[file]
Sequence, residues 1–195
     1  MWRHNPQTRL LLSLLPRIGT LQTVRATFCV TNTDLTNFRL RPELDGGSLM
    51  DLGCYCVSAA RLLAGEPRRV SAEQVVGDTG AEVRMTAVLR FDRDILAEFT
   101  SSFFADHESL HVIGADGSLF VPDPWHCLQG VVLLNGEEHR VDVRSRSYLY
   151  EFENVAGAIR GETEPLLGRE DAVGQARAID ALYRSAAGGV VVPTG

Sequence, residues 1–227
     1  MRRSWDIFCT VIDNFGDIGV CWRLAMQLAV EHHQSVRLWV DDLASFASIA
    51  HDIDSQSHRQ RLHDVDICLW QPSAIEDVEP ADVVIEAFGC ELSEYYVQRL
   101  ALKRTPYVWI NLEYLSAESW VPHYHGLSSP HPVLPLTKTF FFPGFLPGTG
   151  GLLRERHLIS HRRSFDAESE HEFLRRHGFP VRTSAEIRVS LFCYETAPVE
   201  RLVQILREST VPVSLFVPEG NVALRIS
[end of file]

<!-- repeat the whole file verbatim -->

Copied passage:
Sequence, residues 1–195
     1  MWRHNPQTRL LLSLLPRIGT LQTVRATFCV TNTDLTNFRL RPELDGGSLM
    51  DLGCYCVSAA RLLAGEPRRV SAEQVVGDTG AEVRMTAVLR FDRDILAEFT
   101  SSFFADHESL HVIGADGSLF VPDPWHCLQG VVLLNGEEHR VDVRSRSYLY
   151  EFENVAGAIR GETEPLLGRE DAVGQARAID ALYRSAAGGV VVPTG

Sequence, residues 1–227
     1  MRRSWDIFCT VIDNFGDIGV CWRLAMQLAV EHHQSVRLWV DDLASFASIA
    51  HDIDSQSHRQ RLHDVDICLW QPSAIEDVEP ADVVIEAFGC ELSEYYVQRL
   101  ALKRTPYVWI NLEYLSAESW VPHYHGLSSP HPVLPLTKTF FFPGFLPGTG
   151  GLLRERHLIS HRRSFDAESE HEFLRRHGFP VRTSAEIRVS LFCYETAPVE
   201  RLVQILREST VPVSLFVPEG NVALRIS